Key questions this article answers:
Under the National Bureau of Statistics’ new unemployment methodology, Nigeria’s unemployment rate is expected to fall as underemployment rises. How would this be perceived by foreign investors?
The unemployment rate could impact foreign investment flows and vice versa. What is the relationship between foreign investments and unemployment figures?
It is no longer news to active Stears readers that the National Bureau of Statistics (NBS) recently changed its methodology for computing Nigeria’s unemployment figures.
We have shed some light on the new methodology, which broadens Nigeria’s definition of employment to include people working as little as one hour per week (versus 20 hours under the previous methodology).
This has implications for Nigeria’s unemployment rate, as individuals previously classified as unemployed will now be classified as employed. However, as we have spotlighted, this new methodology paints a clearer picture of an even bigger problem—Nigeria’s underemployment crisis.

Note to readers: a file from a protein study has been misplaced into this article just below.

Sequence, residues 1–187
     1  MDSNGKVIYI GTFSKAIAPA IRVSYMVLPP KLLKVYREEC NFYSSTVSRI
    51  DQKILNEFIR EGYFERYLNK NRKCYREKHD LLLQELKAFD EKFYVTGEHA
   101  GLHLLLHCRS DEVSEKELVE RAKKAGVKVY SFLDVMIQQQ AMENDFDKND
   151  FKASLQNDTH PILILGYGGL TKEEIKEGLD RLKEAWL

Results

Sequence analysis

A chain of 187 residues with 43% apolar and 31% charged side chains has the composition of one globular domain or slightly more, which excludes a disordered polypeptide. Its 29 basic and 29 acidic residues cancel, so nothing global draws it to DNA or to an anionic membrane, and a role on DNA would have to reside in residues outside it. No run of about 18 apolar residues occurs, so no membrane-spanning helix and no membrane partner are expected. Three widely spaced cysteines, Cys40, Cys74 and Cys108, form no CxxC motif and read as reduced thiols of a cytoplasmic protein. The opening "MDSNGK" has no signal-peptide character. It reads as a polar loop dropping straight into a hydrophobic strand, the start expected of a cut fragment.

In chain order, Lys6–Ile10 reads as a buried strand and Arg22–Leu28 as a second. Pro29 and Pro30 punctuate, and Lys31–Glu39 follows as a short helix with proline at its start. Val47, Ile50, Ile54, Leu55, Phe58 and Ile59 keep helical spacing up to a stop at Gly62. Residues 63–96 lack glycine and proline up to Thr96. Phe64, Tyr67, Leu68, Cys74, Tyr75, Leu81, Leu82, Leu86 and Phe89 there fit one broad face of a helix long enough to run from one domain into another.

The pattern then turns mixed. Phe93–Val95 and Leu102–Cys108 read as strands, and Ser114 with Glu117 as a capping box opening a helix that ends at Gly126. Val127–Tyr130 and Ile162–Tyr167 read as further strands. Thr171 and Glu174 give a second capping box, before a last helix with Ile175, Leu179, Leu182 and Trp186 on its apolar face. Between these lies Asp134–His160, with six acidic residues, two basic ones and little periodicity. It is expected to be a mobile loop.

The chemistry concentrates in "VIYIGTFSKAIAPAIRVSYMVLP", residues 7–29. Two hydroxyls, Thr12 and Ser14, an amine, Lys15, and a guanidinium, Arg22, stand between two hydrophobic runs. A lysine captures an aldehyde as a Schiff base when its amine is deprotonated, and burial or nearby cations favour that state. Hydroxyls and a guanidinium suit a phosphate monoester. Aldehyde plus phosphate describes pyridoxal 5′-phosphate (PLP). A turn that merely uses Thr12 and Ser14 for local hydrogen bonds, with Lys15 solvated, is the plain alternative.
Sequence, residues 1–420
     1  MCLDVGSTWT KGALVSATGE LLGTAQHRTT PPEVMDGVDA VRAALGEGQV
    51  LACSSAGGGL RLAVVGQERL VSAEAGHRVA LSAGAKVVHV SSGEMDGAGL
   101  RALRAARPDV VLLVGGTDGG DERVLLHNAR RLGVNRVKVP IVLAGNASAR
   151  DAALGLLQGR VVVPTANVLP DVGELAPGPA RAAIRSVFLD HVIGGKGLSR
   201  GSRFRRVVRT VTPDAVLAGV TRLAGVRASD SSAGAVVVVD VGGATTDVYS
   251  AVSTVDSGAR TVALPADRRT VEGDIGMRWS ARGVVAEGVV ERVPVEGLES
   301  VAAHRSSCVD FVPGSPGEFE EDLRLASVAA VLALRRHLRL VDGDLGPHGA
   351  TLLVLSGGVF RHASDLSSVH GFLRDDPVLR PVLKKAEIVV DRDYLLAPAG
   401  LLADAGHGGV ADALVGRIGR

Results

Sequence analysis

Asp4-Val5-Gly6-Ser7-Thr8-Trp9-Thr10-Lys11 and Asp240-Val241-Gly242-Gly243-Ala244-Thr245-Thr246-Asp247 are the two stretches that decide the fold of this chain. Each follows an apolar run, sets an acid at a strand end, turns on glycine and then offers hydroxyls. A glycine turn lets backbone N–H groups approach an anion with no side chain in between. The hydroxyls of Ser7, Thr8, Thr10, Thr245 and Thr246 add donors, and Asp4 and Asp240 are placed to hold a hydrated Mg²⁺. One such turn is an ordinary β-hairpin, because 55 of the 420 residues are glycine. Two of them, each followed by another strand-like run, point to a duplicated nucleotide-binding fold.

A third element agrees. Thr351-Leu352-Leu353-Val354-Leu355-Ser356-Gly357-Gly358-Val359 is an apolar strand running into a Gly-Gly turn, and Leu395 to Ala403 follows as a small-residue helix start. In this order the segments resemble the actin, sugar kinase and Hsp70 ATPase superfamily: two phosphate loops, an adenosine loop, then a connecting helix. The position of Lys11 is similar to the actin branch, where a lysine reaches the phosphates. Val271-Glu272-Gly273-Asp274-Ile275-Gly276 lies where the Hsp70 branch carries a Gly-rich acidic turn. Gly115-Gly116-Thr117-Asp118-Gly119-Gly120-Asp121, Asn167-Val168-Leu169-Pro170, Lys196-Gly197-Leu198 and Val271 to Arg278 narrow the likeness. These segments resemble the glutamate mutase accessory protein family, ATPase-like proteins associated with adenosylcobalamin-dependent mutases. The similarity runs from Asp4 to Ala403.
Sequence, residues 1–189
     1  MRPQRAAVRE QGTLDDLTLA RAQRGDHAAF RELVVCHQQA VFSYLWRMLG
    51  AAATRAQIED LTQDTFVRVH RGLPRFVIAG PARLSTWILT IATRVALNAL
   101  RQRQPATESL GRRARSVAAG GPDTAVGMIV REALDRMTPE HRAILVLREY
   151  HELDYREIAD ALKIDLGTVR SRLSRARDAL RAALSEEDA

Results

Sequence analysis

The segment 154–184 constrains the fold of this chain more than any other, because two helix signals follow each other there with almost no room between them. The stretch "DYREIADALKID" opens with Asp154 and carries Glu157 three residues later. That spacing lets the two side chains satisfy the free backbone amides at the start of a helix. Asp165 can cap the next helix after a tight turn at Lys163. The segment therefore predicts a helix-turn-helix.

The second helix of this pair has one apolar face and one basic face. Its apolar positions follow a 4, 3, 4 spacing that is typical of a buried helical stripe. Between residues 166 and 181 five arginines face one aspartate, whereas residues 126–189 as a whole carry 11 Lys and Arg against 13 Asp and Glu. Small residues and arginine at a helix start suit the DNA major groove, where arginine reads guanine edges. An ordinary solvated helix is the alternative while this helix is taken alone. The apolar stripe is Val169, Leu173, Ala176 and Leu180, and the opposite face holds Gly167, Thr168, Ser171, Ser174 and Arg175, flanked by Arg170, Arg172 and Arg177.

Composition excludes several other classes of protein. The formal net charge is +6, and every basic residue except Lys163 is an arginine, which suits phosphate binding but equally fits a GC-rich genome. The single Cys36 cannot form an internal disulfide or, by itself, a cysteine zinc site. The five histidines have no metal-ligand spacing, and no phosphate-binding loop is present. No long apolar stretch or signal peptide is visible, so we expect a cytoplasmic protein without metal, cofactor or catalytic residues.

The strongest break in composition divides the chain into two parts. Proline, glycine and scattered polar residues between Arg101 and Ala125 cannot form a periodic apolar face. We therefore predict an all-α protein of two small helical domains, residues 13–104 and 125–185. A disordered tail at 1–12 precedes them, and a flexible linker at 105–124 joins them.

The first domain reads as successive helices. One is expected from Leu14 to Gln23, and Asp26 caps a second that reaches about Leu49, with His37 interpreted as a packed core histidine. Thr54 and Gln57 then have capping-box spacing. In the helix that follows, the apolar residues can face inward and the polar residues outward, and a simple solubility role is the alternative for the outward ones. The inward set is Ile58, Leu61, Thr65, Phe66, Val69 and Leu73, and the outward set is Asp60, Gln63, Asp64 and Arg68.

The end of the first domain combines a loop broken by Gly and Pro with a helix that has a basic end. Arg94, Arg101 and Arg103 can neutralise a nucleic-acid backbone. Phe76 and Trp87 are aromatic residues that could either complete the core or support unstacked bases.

Nonetheless, the rationale behind the methodology change is to align Nigeria’s unemployment measurement with internationally recognised standards set by the International Labour Organisation (ILO). This alignment with global benchmarks is undeniably positive as it facilitates meaningful cross-country comparisons, lowering investment decision costs.
Today, we will focus on the last phrase in the previous paragraph—lowering investment decision costs.
You see, a country’s unemployment rate is a critical macroeconomic indicator (like GDP growth, inflation, trade balance etc.), foreign investors consider before bringing in their funds.